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Arizona State QB Mike Bercovici Finally in the Spotlight


BURBANK, California – The current “dynamic” of college football, according to Arizona State quarterback Mike Bercovici, is one in which “people leave, transfer.”

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Bercovici is an exception: a quarterback who bides his time as a reserve without transferring. He’s set to earn the bounty for his patience in 2015 as the Sun Devils' starting quarterback.

Related: Arizona State Sun Devils 2015 Preview and Prediction

Bercovici was in the spotlight at Thursday’s session of Pac-12 media days at Warner Bros. Studios after four years of playing understudy to Brock Osweiler and Taylor Kelly.

“Little things like, ‘I’m going to be a redshirt senior and go to Pac-12 media day,’” Bercovici said was his motivation for remaining in Tempe as Kelly’s reserve for three years.

Alright, so maybe chatting with reporters wasn’t the sole motivation keeping Bercovici a Sun Devil.

“I used to think, when [head] coach [Todd Graham] first got here [in 2012] and changing up offense, it’d be normal for a kid like to me leave,” he explained.

Indeed, Bercovici faced two quandaries. He was a recruit of Dennis Erickson’s staff, which, in Bercovici’s redshirt season, featured Noel Mazzone at offensive coordinator.

Bercovici introduced spread and zone-read elements to the Sun Devil offense, but his NFL background worked with a traditional pocket-passer of Bercovici’s mold.

Graham’s arrival brought offensive coordinator Mike Norvell, whose “high octane” take on the spread flourishes with a mobile quarterback. Kelly offered that.

Still, Bercovici remained.

“When I really thought about going to a different school, wearing a different helmet, putting on different colors, nothing felt right about it,” he said.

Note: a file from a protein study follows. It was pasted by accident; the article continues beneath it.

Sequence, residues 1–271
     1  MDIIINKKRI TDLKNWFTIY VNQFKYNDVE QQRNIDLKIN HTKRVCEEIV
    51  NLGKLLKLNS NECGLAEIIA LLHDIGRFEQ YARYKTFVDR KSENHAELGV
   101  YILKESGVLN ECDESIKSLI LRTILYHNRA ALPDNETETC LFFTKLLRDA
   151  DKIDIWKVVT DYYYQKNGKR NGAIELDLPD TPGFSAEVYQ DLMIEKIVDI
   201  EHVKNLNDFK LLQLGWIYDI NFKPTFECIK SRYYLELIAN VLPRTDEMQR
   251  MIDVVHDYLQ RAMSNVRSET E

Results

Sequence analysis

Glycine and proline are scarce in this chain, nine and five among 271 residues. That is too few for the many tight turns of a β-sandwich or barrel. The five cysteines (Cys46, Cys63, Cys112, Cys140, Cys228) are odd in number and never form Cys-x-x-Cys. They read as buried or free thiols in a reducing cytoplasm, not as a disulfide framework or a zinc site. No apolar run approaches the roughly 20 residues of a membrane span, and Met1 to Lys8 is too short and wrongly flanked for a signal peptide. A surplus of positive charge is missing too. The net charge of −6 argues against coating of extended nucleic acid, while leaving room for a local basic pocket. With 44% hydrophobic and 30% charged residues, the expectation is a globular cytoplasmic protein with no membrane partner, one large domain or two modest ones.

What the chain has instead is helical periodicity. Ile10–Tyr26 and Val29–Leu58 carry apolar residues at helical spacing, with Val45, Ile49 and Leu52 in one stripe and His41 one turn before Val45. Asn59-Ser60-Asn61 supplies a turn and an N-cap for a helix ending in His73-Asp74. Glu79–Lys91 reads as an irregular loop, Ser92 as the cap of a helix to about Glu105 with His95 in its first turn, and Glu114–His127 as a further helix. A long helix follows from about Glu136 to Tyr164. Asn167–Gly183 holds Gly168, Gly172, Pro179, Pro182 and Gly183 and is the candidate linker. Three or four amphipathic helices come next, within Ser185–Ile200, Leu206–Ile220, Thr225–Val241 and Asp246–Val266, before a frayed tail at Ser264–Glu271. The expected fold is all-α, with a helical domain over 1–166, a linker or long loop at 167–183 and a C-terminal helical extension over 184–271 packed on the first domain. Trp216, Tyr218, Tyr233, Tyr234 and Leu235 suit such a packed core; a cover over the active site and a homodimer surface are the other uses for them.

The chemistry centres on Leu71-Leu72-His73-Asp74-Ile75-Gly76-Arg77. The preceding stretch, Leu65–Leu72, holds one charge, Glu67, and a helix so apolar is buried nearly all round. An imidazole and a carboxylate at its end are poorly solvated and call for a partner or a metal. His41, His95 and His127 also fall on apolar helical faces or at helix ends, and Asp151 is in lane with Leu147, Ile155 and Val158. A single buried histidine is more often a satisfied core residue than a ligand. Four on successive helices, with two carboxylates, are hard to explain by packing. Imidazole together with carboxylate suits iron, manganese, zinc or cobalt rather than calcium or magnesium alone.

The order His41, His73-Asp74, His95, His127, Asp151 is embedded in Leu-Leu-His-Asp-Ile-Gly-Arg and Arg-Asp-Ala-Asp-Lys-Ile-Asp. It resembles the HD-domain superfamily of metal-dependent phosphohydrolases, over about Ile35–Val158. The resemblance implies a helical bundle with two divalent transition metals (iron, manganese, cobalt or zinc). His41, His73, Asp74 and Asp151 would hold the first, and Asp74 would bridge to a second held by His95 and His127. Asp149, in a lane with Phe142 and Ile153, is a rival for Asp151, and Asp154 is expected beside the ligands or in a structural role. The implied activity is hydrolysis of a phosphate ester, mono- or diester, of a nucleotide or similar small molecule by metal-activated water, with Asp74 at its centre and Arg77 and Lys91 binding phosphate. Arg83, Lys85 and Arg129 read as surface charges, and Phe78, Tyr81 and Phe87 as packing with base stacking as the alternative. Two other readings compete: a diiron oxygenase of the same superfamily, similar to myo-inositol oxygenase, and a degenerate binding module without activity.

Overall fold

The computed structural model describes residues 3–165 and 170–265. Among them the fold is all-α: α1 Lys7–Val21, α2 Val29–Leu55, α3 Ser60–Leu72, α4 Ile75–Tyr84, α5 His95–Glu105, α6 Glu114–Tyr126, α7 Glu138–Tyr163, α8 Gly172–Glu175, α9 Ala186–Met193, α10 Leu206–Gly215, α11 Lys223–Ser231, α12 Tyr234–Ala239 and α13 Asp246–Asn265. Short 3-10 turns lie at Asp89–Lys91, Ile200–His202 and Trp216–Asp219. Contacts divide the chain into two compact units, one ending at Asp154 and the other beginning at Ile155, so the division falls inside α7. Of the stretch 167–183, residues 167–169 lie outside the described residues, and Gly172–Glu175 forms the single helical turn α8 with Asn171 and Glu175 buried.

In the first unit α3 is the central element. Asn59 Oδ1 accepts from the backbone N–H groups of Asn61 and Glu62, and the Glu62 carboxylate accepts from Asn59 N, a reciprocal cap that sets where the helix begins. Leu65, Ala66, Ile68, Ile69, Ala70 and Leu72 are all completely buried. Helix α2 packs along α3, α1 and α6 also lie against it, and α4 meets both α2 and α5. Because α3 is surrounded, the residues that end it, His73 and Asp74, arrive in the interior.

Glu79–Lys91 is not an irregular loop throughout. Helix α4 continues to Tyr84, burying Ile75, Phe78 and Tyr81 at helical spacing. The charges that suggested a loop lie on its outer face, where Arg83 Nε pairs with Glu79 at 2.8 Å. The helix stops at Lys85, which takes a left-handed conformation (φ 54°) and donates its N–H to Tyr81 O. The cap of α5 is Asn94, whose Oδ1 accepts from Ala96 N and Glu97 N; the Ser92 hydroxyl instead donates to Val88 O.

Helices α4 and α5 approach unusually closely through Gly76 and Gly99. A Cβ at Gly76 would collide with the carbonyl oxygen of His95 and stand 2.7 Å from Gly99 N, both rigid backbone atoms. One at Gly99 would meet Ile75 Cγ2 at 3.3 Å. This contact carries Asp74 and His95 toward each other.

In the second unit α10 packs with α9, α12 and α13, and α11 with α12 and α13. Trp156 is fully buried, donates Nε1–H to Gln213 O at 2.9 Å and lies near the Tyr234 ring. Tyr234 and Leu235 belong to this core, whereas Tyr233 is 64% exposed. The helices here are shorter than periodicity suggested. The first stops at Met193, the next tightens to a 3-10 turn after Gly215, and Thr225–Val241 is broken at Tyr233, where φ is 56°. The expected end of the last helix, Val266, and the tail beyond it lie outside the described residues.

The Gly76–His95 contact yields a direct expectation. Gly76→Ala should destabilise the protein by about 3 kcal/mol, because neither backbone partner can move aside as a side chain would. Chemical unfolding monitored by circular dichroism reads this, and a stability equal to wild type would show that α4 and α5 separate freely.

As he stayed, fellow reserve quarterback Michael Eubank departed. Eubank was used occasionally in goal-line and short-yardage packages. He transferred to FCS program Samford after the 2013 season.

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Eubank’s departure made Graham’s decision a whole lot easier last September when Kelly suffered a foot injury at Colorado.

His absence from the lineup gave Bercovici two starts against UCLA and USC.

Graham said those glimpses at Bercovici’s talent helped prompt interest from the NFL, and one of the elements of the quarterback pro scouts like is his loyalty.

“It means a lot to [scouts] that when they talk about the character that that takes to do that, because most people thought he would not stay,” Graham said, adding one important deviation: “Except him.”  

If it seems like Bercovici is comfortable with his new-found spotlight, it’s because his stint as starter thrust him front-and-center.

The “Jael Mary” — named for wide receiver Jaelen Strong, who came down with Bercovici’s Hail Mary toss to beat USC on Oct. 4 — endures as one of the quintessential highlights of the 2014 season.

“If Mike Bercovici had taken his toys and went somewhere else, he’d have missed on making the greatest play in Arizona State history,” Graham said.

Strong is gone, which leaves a sizable hole in the Sun Devil offense. But Bercovici will have plenty more opportunities to make more Arizona State history with explosive D.J. Foster moving from running back to wide receiver.

Safety Jordan Simone compared Foster to Heisman Trophy finalist and new Oakland Raider Amari Cooper, capable of breaking big plays on a single move. But the receiver Foster likes is Golden Tate (h/t Thomas Lenneberg of the Arizona State sports information department).

Bercovici may have opted for patience over instant gratification, but he’s relishing his time on center stage.

In addition to appearing before reporters at media days, Bercovici was a viral video sensation, throwing passes to his girlfriend and Arizona State dance team member, Jaylee Merrill.

Consider it Bercovici paying his celebrity forward.

“Coach Graham loved her,” Bercovici said. “And anytime she can get that cheerleading team out in the forefront of the media, she loves it.”

He may have had to wait for it, but Bercovici’s time has come. He’s making the most of it.

Written by Kyle Kensing, who is part of the Athlon Contributor Network and a sportswriter in Southern California. Kensing is publisher of Follow him on Twitter @kensing45.